Finally, an amended complaint supersedes the prior complaint, Forsyth v. Humana, Inc., 114 F.3d 1467, 1474 (9th Cir. 1997); King v. Atiyeh, 814 F.2d 565, 567 (9th Cir. 1987), and it must be "complete in itself without reference to the prior or superseded pleading," Local Rule 220. Therefore, "[a]ll causes of action alleged in an original complaint which are not alleged in an amended complaint are waived." King, 814 F.2d at 567 (citing to London v. Coopers & Lybrand, 644 F.2d 811, 814 (9th Cir. 1981)); accord Forsyth, 114 F.3d at 1474.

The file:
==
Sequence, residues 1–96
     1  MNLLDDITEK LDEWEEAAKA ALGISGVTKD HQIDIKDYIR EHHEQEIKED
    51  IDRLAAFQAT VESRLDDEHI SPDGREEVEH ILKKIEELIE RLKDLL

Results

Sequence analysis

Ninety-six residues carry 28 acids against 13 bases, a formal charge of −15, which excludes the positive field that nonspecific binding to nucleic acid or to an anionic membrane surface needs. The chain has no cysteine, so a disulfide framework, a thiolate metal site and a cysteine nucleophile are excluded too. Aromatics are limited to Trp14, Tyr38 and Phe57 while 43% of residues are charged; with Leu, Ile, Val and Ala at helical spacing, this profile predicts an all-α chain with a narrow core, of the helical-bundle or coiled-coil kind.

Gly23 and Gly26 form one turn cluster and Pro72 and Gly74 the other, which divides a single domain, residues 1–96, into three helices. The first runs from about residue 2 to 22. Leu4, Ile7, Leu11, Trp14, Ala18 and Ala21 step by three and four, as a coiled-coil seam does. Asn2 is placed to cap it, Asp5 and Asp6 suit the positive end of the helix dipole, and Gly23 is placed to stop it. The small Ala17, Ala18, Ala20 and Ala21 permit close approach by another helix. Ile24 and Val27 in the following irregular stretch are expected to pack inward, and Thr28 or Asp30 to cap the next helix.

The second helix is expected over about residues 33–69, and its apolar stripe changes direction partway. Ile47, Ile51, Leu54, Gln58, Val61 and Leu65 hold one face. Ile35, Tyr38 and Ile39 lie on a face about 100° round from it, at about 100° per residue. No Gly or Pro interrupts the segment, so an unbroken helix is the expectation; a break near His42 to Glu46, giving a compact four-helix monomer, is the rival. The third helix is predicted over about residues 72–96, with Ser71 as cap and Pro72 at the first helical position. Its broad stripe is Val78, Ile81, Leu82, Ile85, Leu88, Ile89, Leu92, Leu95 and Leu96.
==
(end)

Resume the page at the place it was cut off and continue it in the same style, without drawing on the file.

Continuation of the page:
Based on the foregoing, it is HEREBY ORDERED that:

1. The Clerk's Office shall send Plaintiff a complaint form;

2. Plaintiff's complaint is dismissed for failure to state a claim upon which relief may be granted;

3. Within thirty (30) days from the date of service of this order, Plaintiff shall file a second amended complaint;

4. Plaintiff shall file one document, entitled SECOND AMENDED COMPLAINT; 5. The Court will screen solely the document entitled SECOND AMENDED COMPLAINT; and

6. If Plaintiff fails to file a second amended complaint in compliance with this order, this action will be dismissed, with prejudice, for failure to state a claim.

IT IS SO ORDERED.

UNITED STATES MAGISTRATE JUDGE